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Richard, Tax Attorney
Category: Tax
Satisfied Customers: 55442
Experience:  29 years of experience as a tax, real estate, and business attorney.
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My girlfriend owes the IRS over $50,000 for un-filed taxes,

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My girlfriend owes the IRS over $50,000 for un-filed taxes, she owes this much because she lost a house and receives alimony from her ex. Since she does not have the interest from her homeloan any more she has to pay on the alimony. They used to offset eachother. We do not have any money, we both work and live comfortably but not extravagantly. Besides our 401K and pensions we do not have any savings and live paycheck to paycheck. What are our options? There is no way for us to pay this kind of money. I look forward to your advice. We live in California.
Welcome! My goal is to do my very best to understand your situation and to provide a full and complete answer for you.

Good evening. First, although you may be willing to help her pay the IRS, you have no legal liability for your girlfriend's debt to the IRS, so the IRS has no right to consider your income or assets in evaluating this situation. That works in her favor. Second, what she wants to do is pursue an Offer in Compromise with the IRS. When a taxpayer owes money they cannot reasonably pay back over a period of 72 months, the path to take is to file an application for an Offer in Compromise where the IRS will agree to forgive all or a portion of it that can't reasonably be paid within the 72 month period considering her income, assets, and allowable expenses. There is a step by step process for filing the Offer in Compromise application, as well as the full details of the program, in the IRS Offer in Compromise booklet which you can find at the following website:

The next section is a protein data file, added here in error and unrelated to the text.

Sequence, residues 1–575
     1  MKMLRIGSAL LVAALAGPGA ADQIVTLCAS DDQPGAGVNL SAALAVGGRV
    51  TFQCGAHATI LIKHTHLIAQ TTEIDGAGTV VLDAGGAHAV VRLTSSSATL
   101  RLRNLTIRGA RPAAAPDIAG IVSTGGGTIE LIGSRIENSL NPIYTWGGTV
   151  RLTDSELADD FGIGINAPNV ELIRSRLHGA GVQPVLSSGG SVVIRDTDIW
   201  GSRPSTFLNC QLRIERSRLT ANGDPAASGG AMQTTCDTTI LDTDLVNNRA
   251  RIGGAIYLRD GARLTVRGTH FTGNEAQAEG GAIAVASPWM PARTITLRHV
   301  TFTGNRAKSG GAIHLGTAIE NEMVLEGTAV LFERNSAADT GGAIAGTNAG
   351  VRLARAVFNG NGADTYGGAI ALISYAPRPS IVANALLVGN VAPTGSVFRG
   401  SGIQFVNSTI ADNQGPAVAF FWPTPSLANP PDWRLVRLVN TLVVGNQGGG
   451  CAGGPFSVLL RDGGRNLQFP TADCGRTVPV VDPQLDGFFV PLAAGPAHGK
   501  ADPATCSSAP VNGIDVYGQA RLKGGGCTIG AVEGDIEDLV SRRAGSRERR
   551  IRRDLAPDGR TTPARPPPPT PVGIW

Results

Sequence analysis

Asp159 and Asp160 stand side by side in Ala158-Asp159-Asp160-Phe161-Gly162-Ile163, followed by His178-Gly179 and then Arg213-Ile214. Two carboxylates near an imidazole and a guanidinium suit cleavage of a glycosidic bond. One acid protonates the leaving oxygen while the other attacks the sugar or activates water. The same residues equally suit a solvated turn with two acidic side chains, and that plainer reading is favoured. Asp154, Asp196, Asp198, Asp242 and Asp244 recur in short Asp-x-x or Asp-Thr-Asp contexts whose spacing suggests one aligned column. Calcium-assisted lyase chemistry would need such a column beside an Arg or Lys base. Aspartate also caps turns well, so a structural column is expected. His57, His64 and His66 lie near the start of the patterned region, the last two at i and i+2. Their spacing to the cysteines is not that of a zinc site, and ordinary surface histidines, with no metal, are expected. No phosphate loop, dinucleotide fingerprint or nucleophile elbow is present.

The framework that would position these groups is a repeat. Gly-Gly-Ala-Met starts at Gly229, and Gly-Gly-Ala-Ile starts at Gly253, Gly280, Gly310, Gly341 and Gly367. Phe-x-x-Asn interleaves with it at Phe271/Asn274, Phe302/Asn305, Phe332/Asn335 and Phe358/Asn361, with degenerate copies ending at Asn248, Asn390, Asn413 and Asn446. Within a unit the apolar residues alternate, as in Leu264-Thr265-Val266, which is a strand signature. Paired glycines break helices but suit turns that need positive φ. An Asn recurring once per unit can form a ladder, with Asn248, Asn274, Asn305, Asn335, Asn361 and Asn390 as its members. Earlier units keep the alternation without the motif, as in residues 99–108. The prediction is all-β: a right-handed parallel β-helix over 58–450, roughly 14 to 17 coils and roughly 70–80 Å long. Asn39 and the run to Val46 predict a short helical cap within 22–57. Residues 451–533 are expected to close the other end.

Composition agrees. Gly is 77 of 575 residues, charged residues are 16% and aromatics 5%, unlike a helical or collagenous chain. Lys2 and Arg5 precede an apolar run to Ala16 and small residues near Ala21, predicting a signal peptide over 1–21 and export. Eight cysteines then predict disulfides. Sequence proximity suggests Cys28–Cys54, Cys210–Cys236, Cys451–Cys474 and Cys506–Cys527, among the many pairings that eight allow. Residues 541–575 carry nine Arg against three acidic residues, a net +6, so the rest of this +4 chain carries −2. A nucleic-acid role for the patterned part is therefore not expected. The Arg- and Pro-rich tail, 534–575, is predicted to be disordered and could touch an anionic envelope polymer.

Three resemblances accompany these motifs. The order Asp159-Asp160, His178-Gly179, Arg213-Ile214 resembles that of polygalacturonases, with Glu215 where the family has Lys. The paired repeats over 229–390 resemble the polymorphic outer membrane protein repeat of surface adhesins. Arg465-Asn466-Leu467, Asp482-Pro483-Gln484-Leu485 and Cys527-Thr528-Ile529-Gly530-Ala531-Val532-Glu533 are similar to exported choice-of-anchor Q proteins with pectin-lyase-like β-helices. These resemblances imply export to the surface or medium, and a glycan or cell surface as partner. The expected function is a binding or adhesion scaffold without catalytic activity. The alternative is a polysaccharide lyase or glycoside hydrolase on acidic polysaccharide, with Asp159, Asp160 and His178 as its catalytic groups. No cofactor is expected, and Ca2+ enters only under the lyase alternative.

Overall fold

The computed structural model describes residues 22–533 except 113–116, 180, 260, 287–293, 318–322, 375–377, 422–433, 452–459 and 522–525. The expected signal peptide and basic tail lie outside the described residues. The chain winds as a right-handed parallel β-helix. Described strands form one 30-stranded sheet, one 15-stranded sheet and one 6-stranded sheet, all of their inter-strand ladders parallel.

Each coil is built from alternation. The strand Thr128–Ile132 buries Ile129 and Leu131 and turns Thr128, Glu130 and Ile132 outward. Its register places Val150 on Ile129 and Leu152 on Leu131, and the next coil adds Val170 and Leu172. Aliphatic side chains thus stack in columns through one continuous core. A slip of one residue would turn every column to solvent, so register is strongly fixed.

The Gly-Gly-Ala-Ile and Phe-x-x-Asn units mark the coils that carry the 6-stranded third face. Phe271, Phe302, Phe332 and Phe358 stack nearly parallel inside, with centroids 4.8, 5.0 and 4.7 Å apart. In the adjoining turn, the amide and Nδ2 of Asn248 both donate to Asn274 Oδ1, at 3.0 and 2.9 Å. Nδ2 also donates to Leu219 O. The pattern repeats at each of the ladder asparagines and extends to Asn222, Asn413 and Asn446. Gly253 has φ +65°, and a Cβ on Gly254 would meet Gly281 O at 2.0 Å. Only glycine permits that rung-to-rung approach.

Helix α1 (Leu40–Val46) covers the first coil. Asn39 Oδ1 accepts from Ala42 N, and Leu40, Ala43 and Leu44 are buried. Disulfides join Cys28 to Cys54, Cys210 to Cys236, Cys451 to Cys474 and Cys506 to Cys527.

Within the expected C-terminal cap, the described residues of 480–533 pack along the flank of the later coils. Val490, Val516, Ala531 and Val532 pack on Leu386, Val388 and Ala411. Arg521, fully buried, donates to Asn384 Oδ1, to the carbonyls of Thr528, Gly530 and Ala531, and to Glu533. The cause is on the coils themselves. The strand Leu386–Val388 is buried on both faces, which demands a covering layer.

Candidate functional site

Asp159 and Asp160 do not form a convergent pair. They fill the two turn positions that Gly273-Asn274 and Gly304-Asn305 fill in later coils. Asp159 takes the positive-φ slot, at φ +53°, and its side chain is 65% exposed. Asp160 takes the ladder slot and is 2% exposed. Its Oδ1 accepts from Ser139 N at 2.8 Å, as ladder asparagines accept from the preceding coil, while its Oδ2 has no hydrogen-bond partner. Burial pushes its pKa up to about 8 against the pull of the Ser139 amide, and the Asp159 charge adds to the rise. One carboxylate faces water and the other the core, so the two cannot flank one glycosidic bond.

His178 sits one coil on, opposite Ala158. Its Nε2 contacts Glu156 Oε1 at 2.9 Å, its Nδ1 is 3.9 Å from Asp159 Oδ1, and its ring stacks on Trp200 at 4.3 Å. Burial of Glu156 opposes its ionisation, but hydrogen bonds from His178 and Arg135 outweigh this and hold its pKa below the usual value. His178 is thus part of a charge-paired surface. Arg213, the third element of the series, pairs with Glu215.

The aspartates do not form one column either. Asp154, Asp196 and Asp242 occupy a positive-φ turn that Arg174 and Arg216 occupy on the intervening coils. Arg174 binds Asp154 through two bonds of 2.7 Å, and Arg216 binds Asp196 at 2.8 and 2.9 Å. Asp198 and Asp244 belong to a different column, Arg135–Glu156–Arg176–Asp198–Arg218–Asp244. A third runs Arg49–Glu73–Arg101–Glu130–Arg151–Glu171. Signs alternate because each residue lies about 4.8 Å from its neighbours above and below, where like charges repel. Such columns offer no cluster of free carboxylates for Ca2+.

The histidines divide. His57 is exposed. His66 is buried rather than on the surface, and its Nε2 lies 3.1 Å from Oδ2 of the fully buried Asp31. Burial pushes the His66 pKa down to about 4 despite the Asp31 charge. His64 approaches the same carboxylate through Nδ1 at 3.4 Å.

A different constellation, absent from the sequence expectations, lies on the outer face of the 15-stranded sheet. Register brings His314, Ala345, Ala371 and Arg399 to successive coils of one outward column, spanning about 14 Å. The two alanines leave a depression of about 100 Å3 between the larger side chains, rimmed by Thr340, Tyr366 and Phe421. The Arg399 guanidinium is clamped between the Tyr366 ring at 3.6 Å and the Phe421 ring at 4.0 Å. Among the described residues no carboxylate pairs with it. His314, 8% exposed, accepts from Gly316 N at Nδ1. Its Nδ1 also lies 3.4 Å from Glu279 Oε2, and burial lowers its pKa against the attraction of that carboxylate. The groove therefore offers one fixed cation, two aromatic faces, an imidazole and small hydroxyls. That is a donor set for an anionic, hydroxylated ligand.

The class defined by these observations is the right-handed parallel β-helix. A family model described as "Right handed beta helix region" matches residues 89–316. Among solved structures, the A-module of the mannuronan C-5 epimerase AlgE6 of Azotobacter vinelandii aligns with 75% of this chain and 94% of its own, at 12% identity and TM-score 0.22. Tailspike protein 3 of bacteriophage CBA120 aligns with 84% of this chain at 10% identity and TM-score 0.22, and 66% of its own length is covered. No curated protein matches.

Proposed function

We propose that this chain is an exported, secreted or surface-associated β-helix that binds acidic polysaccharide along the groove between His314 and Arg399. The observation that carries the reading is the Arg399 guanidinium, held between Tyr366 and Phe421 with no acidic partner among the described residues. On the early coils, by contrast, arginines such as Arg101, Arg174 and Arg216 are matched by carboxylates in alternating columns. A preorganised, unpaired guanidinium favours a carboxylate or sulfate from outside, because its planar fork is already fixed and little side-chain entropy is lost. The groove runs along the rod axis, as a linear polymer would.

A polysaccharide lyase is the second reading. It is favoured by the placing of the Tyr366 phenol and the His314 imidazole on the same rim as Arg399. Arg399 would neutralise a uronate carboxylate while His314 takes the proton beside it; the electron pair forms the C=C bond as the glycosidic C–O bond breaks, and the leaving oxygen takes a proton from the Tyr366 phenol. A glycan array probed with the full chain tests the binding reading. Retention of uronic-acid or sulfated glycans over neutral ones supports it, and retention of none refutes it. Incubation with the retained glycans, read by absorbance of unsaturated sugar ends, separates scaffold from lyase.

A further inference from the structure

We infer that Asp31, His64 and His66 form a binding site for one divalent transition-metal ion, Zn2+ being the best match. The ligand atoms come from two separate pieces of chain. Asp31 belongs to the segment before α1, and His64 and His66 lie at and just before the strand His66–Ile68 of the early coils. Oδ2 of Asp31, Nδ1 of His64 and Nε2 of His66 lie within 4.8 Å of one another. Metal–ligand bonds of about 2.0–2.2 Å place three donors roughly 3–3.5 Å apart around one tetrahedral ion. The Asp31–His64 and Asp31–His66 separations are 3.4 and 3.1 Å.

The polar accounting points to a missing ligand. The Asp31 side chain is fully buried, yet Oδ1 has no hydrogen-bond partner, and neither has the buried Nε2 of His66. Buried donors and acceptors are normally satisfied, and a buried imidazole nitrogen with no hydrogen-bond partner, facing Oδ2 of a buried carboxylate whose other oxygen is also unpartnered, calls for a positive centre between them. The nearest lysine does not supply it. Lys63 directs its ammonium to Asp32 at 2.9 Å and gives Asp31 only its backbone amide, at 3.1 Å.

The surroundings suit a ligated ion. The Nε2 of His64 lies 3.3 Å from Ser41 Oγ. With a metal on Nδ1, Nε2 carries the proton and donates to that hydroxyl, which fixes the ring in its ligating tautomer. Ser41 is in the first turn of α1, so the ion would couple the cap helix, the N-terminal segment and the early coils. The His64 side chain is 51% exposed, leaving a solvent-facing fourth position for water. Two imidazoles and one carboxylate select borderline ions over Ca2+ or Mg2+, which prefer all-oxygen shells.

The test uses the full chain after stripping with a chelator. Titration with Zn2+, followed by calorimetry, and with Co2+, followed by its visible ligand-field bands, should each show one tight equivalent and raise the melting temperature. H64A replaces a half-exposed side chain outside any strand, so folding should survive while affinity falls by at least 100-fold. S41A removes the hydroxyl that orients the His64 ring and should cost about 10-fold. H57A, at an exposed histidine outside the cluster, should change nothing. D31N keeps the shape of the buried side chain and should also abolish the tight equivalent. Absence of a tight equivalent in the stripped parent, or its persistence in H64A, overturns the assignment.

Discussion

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Richard and 2 other Tax Specialists are ready to help you
Thank you so much for the positive rating! I appreciate having had the opportunity to serve you! If I can be of assistance to you in the future, just look me up and I will be happy to help! For easy access, my bookmark is:
Customer: replied 3 years ago.

I did not receive an answer to my second question. Should we use a tax professional or a tax attorney? How long can this take?


Thanks for following up. For some reason I didn't see your follow up. I would actually do this without a tax professional. It sends the wrong message to the IRS...i.e., that you have money for attorneys, but not for your taxes. If it seems to be going sideways with the IRS, you can always then seek counsel, but going in, I would not. :)